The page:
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Featured Selection: Academy of St. Martin-in-the-Fields and Vivaldi

The MHS Review 395 Vol. 11 No. 17, 1987

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David Raymond


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Rereading old copies of the Musical Heritage Review, I can see from looking at the "Letters" pages that one composer's name in particular gets flung around a lot: Antonio Vivaldi. People either seem to dote on his immense output without exception, or to have absolutely no use for his music, calling it dull and formulaic.

It goes both ways, of course: a lot of Vivaldi's music does come off as musical wallpaper (con­sidering the vast amount he wrote, it's a wonder much more of it doesn't), and a lot is just plain overplayed, The Four Seasons chief in that group. After dozens of recordings by string groups of all sizes, not to mention arrangements for everything from brass quintets to koto ensembles, it's not surprising that even the har­diest of masterpieces would lose a bit of its bloom!

But in my own experience, for every Vivaldi work I hear that does seem like routine baroque note-spinning, I'll hear another that makes me realize once more what an intensely imaginative and revolutionary figure he was, certainly in the history of concerto writing. He virtually redefin­ed and explored all the possibilities of the rela­tionships of solo instruments and orchestra. His imagination extended to the instruments themselves, many of which--trumpet, oboe, clarinet, cello--had never been exploited as con­certo soloists before him. Maybe that's what at­tracts so many people to Vivaldi in the first place: the sense of the sheer joy of creating new sounds that his music often conveys.

One of the instruments taken up by Vivaldi was, oddly enough, the flute. Vivaldi's op. 10 collection of six flute concerti, published in 1728, represents the first such collection any where, according to his redoubtable biographer Pincherle. Although five of the works were originally conceived for other instruments, the entire set made up a varied and delightful group of pieces that put the still-developing in­strument through its paces. The "Goldfinch" Concerto has always been frequently played, but the tremendous increase in the flute's populari­ty during the last decade or so didn't hurt any of these concerti a bit. They've frequently been recorded as a group (all six fit neatly onto one record, which has made them almost, but not quite, as ubiquitous as The Four Seasons).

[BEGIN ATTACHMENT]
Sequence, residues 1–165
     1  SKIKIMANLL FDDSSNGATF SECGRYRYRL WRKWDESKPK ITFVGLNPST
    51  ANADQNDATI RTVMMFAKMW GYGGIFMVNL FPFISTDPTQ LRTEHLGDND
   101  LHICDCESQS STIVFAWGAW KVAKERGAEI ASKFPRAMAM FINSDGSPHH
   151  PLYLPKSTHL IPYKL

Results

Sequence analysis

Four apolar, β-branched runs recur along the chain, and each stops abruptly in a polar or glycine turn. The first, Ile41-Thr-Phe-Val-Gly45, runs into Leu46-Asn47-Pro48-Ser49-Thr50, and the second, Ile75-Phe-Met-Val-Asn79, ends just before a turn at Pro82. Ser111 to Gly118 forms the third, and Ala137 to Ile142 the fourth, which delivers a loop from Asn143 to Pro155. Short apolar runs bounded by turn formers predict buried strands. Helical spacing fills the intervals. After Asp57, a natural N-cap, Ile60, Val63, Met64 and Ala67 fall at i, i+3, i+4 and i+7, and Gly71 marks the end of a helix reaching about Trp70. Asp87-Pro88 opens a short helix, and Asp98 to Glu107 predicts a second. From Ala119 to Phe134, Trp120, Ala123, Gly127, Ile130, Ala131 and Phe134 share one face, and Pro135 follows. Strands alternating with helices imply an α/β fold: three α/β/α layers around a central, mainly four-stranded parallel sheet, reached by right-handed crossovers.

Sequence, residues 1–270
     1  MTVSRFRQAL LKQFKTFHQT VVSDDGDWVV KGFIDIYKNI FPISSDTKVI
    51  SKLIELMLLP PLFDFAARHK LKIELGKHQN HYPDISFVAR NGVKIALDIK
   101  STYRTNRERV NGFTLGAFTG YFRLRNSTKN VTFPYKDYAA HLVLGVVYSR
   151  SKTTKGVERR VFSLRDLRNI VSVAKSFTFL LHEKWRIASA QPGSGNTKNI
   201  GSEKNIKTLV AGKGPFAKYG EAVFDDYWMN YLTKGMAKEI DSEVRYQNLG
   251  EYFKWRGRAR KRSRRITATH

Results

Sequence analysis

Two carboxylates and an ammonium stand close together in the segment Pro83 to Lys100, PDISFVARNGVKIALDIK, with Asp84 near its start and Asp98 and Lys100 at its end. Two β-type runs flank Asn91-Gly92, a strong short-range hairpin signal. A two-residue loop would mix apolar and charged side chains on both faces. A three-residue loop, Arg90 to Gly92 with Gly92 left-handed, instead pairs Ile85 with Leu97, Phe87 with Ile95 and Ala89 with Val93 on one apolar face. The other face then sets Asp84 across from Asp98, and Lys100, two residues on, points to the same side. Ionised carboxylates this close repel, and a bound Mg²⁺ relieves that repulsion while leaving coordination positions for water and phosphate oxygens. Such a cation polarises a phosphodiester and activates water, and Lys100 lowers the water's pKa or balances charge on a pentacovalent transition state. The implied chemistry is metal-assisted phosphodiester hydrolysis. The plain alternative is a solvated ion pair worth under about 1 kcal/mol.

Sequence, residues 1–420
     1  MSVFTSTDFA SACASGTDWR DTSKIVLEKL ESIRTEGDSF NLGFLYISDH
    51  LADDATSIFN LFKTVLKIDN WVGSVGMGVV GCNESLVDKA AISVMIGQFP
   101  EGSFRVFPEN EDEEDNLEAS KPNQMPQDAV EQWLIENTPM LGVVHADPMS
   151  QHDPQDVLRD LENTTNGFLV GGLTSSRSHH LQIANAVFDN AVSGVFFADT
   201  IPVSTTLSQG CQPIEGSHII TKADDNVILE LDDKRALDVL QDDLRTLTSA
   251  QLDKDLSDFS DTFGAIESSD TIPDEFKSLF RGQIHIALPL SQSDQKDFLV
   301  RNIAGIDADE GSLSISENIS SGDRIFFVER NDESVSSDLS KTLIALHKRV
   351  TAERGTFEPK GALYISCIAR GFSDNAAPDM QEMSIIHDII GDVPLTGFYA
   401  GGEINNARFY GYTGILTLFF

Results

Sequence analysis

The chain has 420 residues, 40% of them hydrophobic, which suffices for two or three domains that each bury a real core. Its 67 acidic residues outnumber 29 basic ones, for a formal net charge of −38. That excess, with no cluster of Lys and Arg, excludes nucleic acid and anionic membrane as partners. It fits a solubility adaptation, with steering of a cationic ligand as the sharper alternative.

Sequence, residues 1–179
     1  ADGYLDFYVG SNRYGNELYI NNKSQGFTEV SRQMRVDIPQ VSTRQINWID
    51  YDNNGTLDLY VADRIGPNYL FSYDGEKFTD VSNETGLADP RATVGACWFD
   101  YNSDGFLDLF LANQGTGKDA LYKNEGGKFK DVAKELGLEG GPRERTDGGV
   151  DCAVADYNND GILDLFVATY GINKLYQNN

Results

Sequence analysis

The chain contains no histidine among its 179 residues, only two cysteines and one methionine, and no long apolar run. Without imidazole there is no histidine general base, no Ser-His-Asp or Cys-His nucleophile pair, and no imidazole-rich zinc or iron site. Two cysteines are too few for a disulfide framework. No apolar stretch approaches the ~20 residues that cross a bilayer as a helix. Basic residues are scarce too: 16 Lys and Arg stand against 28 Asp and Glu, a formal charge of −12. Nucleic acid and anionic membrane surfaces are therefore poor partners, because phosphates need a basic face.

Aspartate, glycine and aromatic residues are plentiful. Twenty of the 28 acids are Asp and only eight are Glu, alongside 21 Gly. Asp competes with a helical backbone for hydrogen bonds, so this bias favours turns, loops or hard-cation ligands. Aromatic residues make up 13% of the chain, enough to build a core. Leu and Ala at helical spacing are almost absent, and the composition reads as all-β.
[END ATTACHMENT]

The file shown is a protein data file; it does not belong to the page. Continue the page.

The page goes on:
Michala Petri's recording is surely as pleasing as any available. In it, the "flute boom" and the "original instrument" movement intersect; the concerti are performed on recorders as oppos­ed to the transverse (held sideways) flute. This could very well have happened in Vivaldi's time, when both instruments were current and com­posers were very complaisant about having their music performed by whatever was at hand.

A flutist once told me she attributed some of the flute's popularity to its "sexy" sound. The recorder, if not sexless, has a fresh and innocent quality that adds to the charm of Vivaldi's in­spiration, especially in the talented hands of Michala Petri. The Academy of St. Martin-in-the-­Fields has been a bit obscured lately by the period-instrument bands, but their sprightly, pellucid performances show that modern strings still have much to offer in baroque music. Even if you're one of MHS' Vivaldi-haters, I'd call this recording a must!

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